Academic organisations[edit]

Research centres and networks:

  • The European Network in Aging Studies (ENAS) was founded in 2010 and its mission is to facilitate international collaboration in the study of cultural ageing.
  • Women, Ageing and Media (WAM) was founded in 2010 and its members study the relationship between older women and popular media (e.g. popular music, fashion).
  • The North American Network in Aging Studies (NANAS) was established in 2013 and is the North American version of ENAS. Its goal is to critically examine older age.
  • Ageing + Communication + Technology (ACT) was established in 2014. Its members engage with three areas of investigation: Agency, which involves communities in the development of projects to enhance agency; Critical mediations, which critically examines the mediated cultural experiences of adults in later life; and Telecommunication technologies, which addresses ageing in the context of networked societies.
  • The Ageing, Body, Society study group (ABS) is affiliated to the British Sociological Association and it aims to bring together work across a range of approaches pertaining to the body in old age.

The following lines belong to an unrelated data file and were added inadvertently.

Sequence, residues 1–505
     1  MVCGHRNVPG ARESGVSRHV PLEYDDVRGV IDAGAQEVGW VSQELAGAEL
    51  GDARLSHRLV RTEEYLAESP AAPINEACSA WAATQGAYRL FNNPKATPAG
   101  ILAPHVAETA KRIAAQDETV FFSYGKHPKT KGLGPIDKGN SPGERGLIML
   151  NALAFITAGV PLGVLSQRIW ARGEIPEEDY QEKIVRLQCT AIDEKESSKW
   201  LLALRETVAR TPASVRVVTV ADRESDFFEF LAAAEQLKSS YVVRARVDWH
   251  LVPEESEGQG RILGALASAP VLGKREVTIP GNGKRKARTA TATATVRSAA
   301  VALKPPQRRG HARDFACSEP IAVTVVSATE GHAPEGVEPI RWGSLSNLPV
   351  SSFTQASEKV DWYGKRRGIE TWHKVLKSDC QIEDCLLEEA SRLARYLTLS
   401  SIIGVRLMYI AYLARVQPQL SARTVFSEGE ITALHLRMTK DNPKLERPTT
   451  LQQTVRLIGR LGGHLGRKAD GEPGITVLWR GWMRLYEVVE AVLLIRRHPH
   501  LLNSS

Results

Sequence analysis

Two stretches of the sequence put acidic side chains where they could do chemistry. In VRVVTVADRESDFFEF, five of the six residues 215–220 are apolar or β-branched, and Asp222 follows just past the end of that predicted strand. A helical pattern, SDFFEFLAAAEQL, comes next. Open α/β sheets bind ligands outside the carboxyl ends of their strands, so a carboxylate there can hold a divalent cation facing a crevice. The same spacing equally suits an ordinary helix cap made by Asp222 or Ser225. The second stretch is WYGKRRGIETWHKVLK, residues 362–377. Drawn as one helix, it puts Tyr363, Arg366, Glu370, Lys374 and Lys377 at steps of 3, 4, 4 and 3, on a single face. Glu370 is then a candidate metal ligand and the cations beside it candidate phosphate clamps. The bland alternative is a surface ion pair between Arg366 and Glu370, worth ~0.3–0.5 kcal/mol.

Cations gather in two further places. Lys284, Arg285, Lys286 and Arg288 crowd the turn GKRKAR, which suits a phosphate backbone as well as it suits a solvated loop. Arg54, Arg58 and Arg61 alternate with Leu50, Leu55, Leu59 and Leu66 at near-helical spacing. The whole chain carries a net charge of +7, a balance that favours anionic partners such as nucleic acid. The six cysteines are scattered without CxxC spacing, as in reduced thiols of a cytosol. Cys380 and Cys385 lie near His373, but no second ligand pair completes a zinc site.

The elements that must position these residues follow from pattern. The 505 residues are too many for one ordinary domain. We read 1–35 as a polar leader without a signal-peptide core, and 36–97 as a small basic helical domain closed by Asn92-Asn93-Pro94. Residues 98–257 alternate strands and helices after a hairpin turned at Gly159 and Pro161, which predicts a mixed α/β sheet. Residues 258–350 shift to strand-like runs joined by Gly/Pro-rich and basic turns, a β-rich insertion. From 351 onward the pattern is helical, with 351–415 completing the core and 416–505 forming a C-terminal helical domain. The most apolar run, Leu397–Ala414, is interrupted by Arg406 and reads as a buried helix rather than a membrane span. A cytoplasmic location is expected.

• Age, Culture, Humanities publishes articles from the humanities and the arts.
  • The Journal of Ageing Studies welcomes work from the social and behavioural sciences and the humanities.

See also[edit]


  1. ^ Gilleard, Chris (2014). "Aging and Aging Studies: Celebrating the cultural turn". Age, Culture, Humanities. 1 (1). Retrieved 27 July 2015.
  2. ^ Looser, Devoney (2014). "Age and Aging Studies, from cradle to grave". Age, Culture, Humanities. 1 (1). Retrieved 27 July 2015.
  3. ^ Wernick, Andrew (1999). "Andrew Blaikie. Ageing and popular culture". Canadian Journal of Sociology (January 2000). Archived from the original on 5 March 2016. Retrieved 27 July 2015.
  4. ^ Katz, Stephen (2014). "What is Age Studies?". Age, Culture, Humanities. 1 (1). Retrieved 27 July 2015.
  5. ^ a b Segal, Lynne (2014). "The Coming of Age Studies". Age, Culture, Humanities. 1 (1). Retrieved 27 July 2015.
  6. ^ Riley, Jeannette E. (2000). "Reviewed Work: Figuring Age: Women, Bodies, Generations by Kathleen Woodward". Rocky Mountain Review of Language and Literature. 54 (2): 138–141. JSTOR 1348142.
  7. ^ Jennings, Ros; Gardner, Abigail (2012). ‘Rock on’: Women, Ageing and Popular Music. Aldershot: Ashgate.
  8. ^ Dolan, Josephine; Tincknell, Estella (2012). Ageing Femininities: Troubling Representations. Cambridge Scholars Press.
  9. ^ a b Cruikshank, Margaret (2003). Learning to be old: Gender, culture, and aging. Lanham MD: Rowman & Littlefield.
  10. ^ Gullette, M. (2004). Aged by culture. Chicago IL: University of Chicago Press
  11. ^ Woodward, Kathleen (1999). Figuring Age: Women, Bodies, Generations. Bloomington: Indiana University Press.
  12. ^ Blaikie, Andrew (1999). Ageing and popular culture. Cambridge University Press.
  13. ^ de Beauvoir, Simone (1971). The Coming of Age. W.W. Norton & Company Inc.

External links[edit]